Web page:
What is Mozart’s music if not naked, pure, exposed, unadulterated, magnificent beauty?
A few weeks ago, we had the TSO’s season opener with accomplished pianist Kirill Gerstein making his first appearance in Taiwan, and it was a fine one. The NSO’s program for their season opener may have seemed on paper rather plain. The Berlin Philharmonic did it in 2013.
Last year’s NSO opener featured Leonidas Kavakos playing the Korngold Concerto, with Strauss’s Ein Heldenleben on the second half. The year before that, of all things, was Mahler 9. But this year’s season opener gives us no big-ticket soloist, nor any enormous, historical epic symphony. Or does it?
In answering the reasonable question of why the choice was made for an all-Mozart program, without some high-ticket soloist (the lack of which has its own financial benefits, perhaps), the Maestro responded by saying that Mozart’s music is a kind of panacea, a fountain, the waters from which all musicians should refresh themselves from time to time (I take liberties; it was in Chinese). The image is a strong one, and anyone who listens to Mozart’s mature work hears both the clarity and pure genius. It’s unadulterated, naked. Be it a piano concerto or a symphony, there’s no extra fluff, nowhere to hide deficiencies. It’s a pinnacle of sorts in music.
And yes, the final symphony of Mozart was at its time an epic symphony, the longest he’d ever written and probably the longest symphony up to that point, being completed in 1788. It premiered on August 10 of that year, making us just a month and some change past its 229th anniversary. But there’s also a bigger picture here, with the idea of the final three symphonies, 39-41, working kind of like three parts of a larger whole, and that effect is especially evident when they’re played back to back.
Before the concert, I was found by an associate, classmate of a regular concertgoing companion, and he said that he rarely listens to “such early music,” because it starts to “all sound the same”. And for better or worse, Mozart has become that poster boy of the polished, polite, powdered-wig classical era, but it’s so much more than elevator music, or music to sip tea to.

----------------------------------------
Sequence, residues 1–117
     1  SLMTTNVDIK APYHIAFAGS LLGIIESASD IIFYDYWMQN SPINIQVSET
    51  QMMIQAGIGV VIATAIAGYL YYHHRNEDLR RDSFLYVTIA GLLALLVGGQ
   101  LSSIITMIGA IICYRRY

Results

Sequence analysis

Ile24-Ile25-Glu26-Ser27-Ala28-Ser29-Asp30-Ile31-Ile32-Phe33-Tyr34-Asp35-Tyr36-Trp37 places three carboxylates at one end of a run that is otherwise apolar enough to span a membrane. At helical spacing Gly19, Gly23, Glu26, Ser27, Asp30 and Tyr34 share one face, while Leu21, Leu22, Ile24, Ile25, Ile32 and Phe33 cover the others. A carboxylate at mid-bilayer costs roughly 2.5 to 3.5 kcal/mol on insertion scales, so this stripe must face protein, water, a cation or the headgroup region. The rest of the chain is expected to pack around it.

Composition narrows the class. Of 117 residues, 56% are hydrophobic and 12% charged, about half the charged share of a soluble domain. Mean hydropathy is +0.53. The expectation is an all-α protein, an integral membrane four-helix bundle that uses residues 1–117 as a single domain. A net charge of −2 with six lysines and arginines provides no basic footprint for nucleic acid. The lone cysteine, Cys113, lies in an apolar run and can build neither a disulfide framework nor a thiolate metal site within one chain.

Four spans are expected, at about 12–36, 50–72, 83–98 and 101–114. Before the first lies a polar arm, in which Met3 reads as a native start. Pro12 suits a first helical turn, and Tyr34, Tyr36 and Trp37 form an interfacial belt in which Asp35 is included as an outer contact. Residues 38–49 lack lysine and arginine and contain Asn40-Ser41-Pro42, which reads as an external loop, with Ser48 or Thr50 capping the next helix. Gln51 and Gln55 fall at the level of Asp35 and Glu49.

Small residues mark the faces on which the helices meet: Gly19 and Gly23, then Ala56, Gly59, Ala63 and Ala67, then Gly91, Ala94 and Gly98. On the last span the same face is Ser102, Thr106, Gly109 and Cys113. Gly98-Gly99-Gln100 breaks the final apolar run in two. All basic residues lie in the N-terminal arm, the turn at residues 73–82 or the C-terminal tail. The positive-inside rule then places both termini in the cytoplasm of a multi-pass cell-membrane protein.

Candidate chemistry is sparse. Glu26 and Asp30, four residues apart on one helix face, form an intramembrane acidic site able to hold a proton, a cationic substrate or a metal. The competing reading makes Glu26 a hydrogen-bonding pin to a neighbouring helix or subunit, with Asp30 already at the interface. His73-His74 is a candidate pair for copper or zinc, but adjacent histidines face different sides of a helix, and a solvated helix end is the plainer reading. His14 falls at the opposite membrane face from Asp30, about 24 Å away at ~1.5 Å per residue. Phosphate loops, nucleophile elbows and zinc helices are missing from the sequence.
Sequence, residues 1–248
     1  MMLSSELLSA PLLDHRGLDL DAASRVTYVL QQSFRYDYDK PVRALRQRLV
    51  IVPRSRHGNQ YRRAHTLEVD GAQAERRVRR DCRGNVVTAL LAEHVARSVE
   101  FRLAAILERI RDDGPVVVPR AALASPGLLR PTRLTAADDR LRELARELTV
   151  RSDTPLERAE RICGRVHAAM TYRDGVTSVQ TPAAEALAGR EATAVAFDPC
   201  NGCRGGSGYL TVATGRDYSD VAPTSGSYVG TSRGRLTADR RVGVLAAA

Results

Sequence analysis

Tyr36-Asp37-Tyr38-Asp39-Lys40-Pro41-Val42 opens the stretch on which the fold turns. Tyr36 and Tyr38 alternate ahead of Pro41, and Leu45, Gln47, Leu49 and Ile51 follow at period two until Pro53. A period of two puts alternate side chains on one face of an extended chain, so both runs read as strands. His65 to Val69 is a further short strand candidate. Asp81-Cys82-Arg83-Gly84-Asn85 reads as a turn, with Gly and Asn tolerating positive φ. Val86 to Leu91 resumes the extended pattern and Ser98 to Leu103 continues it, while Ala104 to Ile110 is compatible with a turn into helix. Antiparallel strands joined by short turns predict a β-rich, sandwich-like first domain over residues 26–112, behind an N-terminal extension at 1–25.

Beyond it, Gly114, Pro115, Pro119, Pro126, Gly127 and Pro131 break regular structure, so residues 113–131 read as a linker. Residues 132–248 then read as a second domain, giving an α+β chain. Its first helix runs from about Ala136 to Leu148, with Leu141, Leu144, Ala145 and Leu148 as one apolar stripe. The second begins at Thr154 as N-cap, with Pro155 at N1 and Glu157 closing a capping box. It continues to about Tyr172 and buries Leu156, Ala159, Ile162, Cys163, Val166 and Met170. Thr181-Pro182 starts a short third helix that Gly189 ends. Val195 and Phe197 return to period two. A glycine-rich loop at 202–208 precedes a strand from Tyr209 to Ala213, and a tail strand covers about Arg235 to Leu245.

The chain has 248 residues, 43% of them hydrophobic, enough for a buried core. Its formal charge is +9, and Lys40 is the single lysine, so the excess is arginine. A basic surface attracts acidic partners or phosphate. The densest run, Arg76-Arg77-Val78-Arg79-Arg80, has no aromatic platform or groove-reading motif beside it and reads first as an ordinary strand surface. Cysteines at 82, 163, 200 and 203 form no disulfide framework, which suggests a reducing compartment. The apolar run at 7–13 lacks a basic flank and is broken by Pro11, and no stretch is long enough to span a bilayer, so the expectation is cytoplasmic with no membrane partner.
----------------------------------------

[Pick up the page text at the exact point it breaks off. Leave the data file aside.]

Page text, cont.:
The grand introduction to the 39th symphony, and by extension this trilogy of final symphonic statements, began on a tightly-lit stage, the 49 performers spotlit with the rest of the stage veiled in black, creating a chiaroscuro effect that was not only atmospheric but enticingly suitable for the evening.
An unfamiliar set of timpani (and a new timpanist) rang out in this introduction, the very classical-era kettle drums looking as if they might have been performed at the premiere of the work. The orchestra from the get-go sounded refreshed, polished, as if everyone had good, soul-satisfying rest and some kind of enriching artistic experience, because the music was finely presented.
There’s a sweet spot in music like this, like in Schubert, not so slow as to be plodding, but not so rushed as to seem insincere. It’s not just about the tempo, though, but the spirit of the music, that should flutter and take flight in all the right places, a living, breathing thing, and that’s what it was.
The second movement of 39 was pristine in its stately, elegant tempo. Strings were lush but not soggy, winds full and round and warm. Maestro Lü’s reading had feeling and expression, but restraint and subtlety in all the right proportions.
Again, put them one after the other, and the bustling excitement of 39 ends abruptly, leading to the very famous 40, played faster than that Krips recording with the Academy of St Martin in the Fields, but still not blazing. The third movement beautifully showcased the layers and texture contained in such a small movement, but by the finale of 40, the real richness of this music became apparent. This isn’t just pretty music to smile at or eat hors d’oeuvres to; it’s really very rich, quite hefty in its own right, and the impression I was getting of the choice of this program was one of a serious nature, absolute music, dedication to the highest of standards, and it was made perhaps more obvious by the maestro’s lack of smile.
After the interval, we got the final 41st, the ‘Jupiter’ symphony, and by this time, it was feeling like we were on a journey, accomplishing something of significance, even if it was only about 2 hours of music in total (with all the in between stuff).
I’ve been listening to lots of Bruckner lately, and while the men are worlds apart in so many ways, there is a sense of heft, of seriousness, of the majestic, of grandeur to Mozart’s work that can only be properly experienced when performed in this manner.
No play-by-plays tonight, but by that final fugal coda of 41, where the mature Mozart pulls out all the stops with all five motifs, someone intent on listening to the detail in this music, the supremely designed structures, is blown away by its genius, even in awe.
The result of the evening was somewhere between a solemn, almost sacred musical experience, and an enormous, magnificent banquet of exquisitely prepared food. The NSO played with focus and precision but also spirit and expression, and if this is a foretaste of things to come, then we are in for an even better season than last year, I dare say.
There was a maximum of 50 people on stage tonight, 49 plus a conductor, but tomorrow, on an extended, much more crowded stage, there will be more than ten times that number of performers for a very special occasion I’ve been looking forward to for some time. I hope to see you there, but for now, let’s take a moment to be thankful we have an orchestra like the NSO in our town. Here’s to another outstanding season.